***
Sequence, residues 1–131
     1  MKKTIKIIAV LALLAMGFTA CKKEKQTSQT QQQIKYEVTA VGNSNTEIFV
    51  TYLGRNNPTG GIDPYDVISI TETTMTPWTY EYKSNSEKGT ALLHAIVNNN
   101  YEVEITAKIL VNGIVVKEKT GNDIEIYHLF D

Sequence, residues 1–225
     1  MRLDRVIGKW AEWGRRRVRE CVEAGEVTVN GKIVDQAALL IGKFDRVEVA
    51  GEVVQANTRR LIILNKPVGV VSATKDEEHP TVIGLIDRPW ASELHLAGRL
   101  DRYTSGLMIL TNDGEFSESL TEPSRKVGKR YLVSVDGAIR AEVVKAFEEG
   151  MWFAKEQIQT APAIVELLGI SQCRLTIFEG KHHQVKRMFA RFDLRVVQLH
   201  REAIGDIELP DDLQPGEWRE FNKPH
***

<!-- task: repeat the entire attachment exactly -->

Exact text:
Sequence, residues 1–131
     1  MKKTIKIIAV LALLAMGFTA CKKEKQTSQT QQQIKYEVTA VGNSNTEIFV
    51  TYLGRNNPTG GIDPYDVISI TETTMTPWTY EYKSNSEKGT ALLHAIVNNN
   101  YEVEITAKIL VNGIVVKEKT GNDIEIYHLF D

Sequence, residues 1–225
     1  MRLDRVIGKW AEWGRRRVRE CVEAGEVTVN GKIVDQAALL IGKFDRVEVA
    51  GEVVQANTRR LIILNKPVGV VSATKDEEHP TVIGLIDRPW ASELHLAGRL
   101  DRYTSGLMIL TNDGEFSESL TEPSRKVGKR YLVSVDGAIR AEVVKAFEEG
   151  MWFAKEQIQT APAIVELLGI SQCRLTIFEG KHHQVKRMFA RFDLRVVQLH
   201  REAIGDIELP DDLQPGEWRE FNKPH